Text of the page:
I am currently on two different blood pressures medicines - Lisinprol 10 mg once day and 50 mg of meteroprol twice a day. and in the past 2 months i still come with a flushed face (typicaly on the right) and my blood pressure is elevated.
i have a electronic blood pressure i should start recording my blood pressure in the morning and when i get home.
You know how you said doctors know nothing about this because they would have to go back and learn electrical engineering?
You know nothing about medicine and the human body! You arm chair doctors irritate the crap out of me. Doctors go to school studying in medicine four years more than an engineer. After that, they begin to learn in the hospitals for another 3-4 years. They take national tests called boards.
Here's just a tiny fact for you. Migraines are caused by low blood pressure in the head. That's the true migraines. People can get pretty bad headaches for many reasons, lighting, muscle use in the face. But the migraines are being treated with blood pressure increasing meds like caffeine. And now, you ought to quit giving advice until you get that medical degree before you really hurt someone some day.
You must have had a bad day - sorry for that!
You are commenting on context that you have no knowledge about. Don't worry so much about that because your not alone. I have consulted with nationally known headache specialist, well qualified Neurologist and Neurosurgeons regarding the rare syndrome that occurs in some post operative clipping and coiling procedures. Each of these specialist agree with the conclusions I have reached regarding electro-magnetic radiation induced cranial headache called EMRICH. It is caused when metal material is inserted in to the nerve rich brain area. Medical science has never known this condition to exist for three reasons: 1) most patient never survive the initial insult; and 2) those that do end up with very serious cognitive issues which prevents them from reporting accurately the headaches/migraines; and 3) the FDA does ZERO post operative studies on medical implants. After watching my wife suffer with excruciating 3 day migraines for 18 years I resolved to find the cause and I did.
As a medical person I'm sure you know that if a symptom can be reproduced 100 out of 100 times in the absense of any other trigger and in a sterile environment, I think it is safe to presume a trigger is causing a symptom. If you disagree, kindly offer your differential opinion. But please remember medical professionals have already agreed with the results of the above testing.
If you have something constructive to add for MariePhilly, please do so otherwise please use some other forum topic to vent your frustrations!
You made very good points. Your wife is so fortunate to have a husband like you who has researched and put so much effort into helping her migraines.
As a nurse, not a doctor yourself, your posting could be misleading to those reading it. WebMD's website specifically notes, "Caffeine can be both beneficial and harmful for a headache sufferer. It can serve as a treatment or, in some cases, can cause withdrawal or rebound headaches."
I believe that you owe Eddie an apology for your excessive comments.
Thank you for your kind comments. I really believe that Nurseof40years needed to vent for some reason and that's OK, I only wish we could have had more of a two way communication about the topic. I really have the highest admiration for both Doctors and Nurses but I have also earned a high level trust from those that I know. Keep up your good work!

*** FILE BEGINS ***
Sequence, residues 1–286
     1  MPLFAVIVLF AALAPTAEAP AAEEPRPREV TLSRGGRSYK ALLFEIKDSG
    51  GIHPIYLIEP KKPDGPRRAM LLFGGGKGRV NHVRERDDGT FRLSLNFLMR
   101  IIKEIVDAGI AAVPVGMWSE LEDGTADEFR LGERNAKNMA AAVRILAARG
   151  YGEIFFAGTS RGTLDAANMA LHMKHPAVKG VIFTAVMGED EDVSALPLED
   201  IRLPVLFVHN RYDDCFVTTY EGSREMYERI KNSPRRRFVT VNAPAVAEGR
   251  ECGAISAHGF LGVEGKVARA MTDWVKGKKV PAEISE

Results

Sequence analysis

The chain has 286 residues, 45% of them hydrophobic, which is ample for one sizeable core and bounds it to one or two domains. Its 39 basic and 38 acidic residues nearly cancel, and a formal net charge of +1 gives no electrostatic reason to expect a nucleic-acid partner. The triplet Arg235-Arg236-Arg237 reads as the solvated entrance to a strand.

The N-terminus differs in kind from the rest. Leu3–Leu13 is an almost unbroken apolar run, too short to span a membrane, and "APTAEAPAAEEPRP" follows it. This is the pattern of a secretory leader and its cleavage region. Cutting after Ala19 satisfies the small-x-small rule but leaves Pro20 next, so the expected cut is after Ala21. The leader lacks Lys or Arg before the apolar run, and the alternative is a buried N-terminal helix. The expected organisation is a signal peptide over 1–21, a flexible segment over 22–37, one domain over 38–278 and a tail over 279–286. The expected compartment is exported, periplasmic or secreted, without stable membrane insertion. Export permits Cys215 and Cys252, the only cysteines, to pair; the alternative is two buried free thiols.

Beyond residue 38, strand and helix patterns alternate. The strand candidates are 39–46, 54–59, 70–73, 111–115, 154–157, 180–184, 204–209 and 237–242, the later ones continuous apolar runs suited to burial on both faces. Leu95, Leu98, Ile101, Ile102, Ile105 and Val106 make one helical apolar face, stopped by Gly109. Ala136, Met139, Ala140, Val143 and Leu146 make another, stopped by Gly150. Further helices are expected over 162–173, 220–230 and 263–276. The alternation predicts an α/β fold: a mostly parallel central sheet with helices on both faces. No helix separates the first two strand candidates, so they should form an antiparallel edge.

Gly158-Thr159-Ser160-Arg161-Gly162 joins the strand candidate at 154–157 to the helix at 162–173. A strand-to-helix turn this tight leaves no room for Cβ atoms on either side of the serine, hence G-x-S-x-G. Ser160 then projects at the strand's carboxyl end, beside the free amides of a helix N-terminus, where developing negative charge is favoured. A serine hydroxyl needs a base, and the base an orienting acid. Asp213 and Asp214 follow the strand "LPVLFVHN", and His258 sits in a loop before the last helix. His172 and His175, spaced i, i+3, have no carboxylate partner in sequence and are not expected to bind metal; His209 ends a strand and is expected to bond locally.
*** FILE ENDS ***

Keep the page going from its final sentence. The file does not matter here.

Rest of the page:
P.S. I replied to your question in the migraine section.
My mom had a stent put in place to stop an aneurysm behind her left eye. That was in 2009. Since the surgery, she has had debilitating headaches. Doctors have tried EVERY pain medication and antidepressant to stop the pain, including Botox and acupuncture therapies. Nothing has helped. She cannot sleep, eat or get around easily because of the horrible pain. At this point, while I now understand the cause (EMRICH) I'd like to know ways to help. I feel helpless and wish she could function without pain. Any suggestions or tips or ideas welcome. How many of us are there? Has anyone been able to live a normal life without pain after this surgery? Is this really a cure?
Could migraines by made worse by electro-magnetism if not caused by brain aneurysm surgery? I fear that you may no longer by part of this website because I didn't see you name below as I typed it. That would be a great loss.
Hi Alex and Sara,
I'm still here.
Alex, your mom certainly has tried all and it seems all the "Cocktails" typically offered clipped and coiled patients suffering post procedure head pain. Q1. I have communicated with well over 100 patients in my research. There are over 12,000 procedures annually with a variety of medical outcomes. Q2. Yes, but most have have mild to severe complications and they must compensate in some way. Q3. EMRICH is not a cure but a definition of the symptoms and triggers, the complications, and a method to help avoid the triggers of the head pain.
I also have good news and bad news associated with EMRICH. The good news is that I will be meeting next week with a Neurosurgeon specializing in brain surgery and whom also holds both a undergraduate and graduate degree in electrical engineering. I can't think of a better qualified consultant to review my research. I have also found a simple tool that may help Doctor's diagnois EMRICH.
The bad news about EMRICH is that the research has expanded the list of triggers which not only includes electrical devices but also common household devices that are not electrical but magnetic and they pack a strong "head pain" punch. I don't want to mention these devices until I meet with Neurosurgeon, simply because I was stunned by the impact these devices cause.